Get In The Game

I know men whose wife is: raising the kids, buying the clothes, choosing the vacations, managing the finances, planning the meals, monitoring their husband’s cholesterol, and she’s working out every day!

This begs the question: What on earth is he doing? He’s working a lot and making pretty good money, but is that really the extent of what he perceives his role to be? If so, then he’s a benefactor - not a husband; a donor - not a dad.

Being a man means a lot more than providing a paycheck. We need to get off the couch and get involved with our family. Society has lied to us; watching other men play sports isn’t manly. It’s passive, and real men reject passivity.

We need to take our daughters shopping, take our sons to a man’s barbershop, and buy a meal we love and cook it for the entire family. We should know the names of our kid’s teachers, friends, and pediatrician.

Sadly, there are plenty of married women who are doing the work of a single mom because their husband is zoned out on the couch. As American men, we can do better than this!

Focus On Your Strength

If you’re anything like me, you hate to be terrible at something.  I lament the fact that I’m awful at auto repair and woodworking. I would love to be good at those things, and in the past, I’ve considered taking a class on them to improve in those areas.

But even if I took the classes, I still wouldn’t be as good at them as those who are really great. So I’d probably still wind up calling a pro to do the job. And all the while, I would be stagnating on my own strengths.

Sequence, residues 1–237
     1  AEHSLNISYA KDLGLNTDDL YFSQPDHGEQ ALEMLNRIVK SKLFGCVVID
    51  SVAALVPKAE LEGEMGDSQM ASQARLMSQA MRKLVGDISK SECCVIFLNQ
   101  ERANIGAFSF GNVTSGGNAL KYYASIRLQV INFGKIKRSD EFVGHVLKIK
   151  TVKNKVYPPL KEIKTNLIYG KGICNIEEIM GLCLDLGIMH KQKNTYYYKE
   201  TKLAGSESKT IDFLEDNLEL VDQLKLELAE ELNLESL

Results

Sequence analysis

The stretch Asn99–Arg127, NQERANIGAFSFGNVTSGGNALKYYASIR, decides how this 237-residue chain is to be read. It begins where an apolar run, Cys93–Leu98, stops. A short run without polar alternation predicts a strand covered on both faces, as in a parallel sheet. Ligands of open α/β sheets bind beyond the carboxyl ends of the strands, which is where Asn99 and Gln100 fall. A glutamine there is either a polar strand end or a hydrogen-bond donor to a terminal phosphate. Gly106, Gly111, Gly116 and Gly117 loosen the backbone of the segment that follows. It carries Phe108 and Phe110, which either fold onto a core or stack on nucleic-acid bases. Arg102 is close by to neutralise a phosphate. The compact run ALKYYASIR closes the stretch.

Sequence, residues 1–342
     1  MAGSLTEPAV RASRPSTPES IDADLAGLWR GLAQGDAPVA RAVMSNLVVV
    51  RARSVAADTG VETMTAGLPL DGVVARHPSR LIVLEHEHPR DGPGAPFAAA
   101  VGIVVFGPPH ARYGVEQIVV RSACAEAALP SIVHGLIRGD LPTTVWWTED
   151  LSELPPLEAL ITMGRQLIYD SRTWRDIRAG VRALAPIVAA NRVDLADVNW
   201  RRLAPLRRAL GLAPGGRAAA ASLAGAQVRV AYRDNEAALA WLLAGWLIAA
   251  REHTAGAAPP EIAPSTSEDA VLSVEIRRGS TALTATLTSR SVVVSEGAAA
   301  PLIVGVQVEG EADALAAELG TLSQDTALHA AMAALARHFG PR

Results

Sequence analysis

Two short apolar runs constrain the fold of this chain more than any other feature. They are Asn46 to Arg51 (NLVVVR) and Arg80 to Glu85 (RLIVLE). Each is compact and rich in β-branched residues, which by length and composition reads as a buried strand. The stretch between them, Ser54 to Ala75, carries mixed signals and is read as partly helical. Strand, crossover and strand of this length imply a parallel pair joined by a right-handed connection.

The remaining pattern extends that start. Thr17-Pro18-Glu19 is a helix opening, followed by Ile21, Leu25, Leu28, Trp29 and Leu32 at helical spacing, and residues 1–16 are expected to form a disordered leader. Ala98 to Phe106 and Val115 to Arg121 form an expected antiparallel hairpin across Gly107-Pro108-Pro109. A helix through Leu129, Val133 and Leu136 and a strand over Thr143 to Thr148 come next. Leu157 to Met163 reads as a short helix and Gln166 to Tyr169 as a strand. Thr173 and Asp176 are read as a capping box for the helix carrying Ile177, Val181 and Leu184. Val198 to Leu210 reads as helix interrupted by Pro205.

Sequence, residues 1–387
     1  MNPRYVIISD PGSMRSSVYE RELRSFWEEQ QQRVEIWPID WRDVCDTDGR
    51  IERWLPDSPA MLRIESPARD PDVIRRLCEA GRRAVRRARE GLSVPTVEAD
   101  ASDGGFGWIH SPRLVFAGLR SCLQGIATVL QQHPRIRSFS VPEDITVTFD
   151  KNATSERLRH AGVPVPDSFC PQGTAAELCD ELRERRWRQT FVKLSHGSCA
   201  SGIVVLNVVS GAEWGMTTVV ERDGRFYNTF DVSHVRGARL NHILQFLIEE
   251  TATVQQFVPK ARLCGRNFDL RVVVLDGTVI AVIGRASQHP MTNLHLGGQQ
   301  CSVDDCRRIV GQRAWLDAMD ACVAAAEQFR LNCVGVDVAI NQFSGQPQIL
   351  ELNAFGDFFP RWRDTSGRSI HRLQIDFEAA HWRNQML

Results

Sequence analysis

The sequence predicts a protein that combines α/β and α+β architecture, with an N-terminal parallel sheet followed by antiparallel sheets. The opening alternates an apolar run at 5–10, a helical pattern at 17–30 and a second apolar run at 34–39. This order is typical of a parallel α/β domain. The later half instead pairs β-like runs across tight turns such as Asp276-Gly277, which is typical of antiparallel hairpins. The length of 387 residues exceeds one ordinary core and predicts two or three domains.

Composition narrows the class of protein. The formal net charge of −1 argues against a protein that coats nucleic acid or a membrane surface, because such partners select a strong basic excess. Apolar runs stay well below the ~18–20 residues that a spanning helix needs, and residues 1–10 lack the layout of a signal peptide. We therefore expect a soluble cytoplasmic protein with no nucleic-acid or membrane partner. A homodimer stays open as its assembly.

So here’s what I’ve learned: Stop trying to improve at things you suck at doing. That will only waste your time and make you mediocre at lots of things.  Focus instead on becoming even more incredible at the one or two things at which you’re already really good. Like the adage – Jack of all trades, master of none – we must resist the urge to do 23 hobbies poorly.

We need to embrace the outsourcing of our weak areas and pursue mastery of our strengths. Everyone around us wins when we do this!

Dad-Guilt

Men today live under a heavy compulsion to attend every single one of their kid’s sporting events. There’s huge dad-guilt from missing your kid’s game, and we like the idea that someday they’ll say, “My dad never missed a single game.”

But let’s be honest, there’s is a time and place when it’s okay to miss one game. I’m all for attending 98% of their stuff, but if there’s a rare opportunity to attend an event that will make you a better husband and father – take it. And don’t feel guilty about it. 

Take the long-term view and sacrifice seeing one of their 250 t-ball games now to invest in yourself with that event that will truly make you a better man in the long run.

Some men hide behind their kid’s activities so that they don’t have to take care of themselves; it’s the perfect excuse.

Sometimes our best move is to leave work early to be at their game. But sometimes our best move is to attend the parenting seminar or men’s conference that will benefit everyone. 

You will not scar your kid for life. Don’t sacrifice everything on the altar of perfect attendance.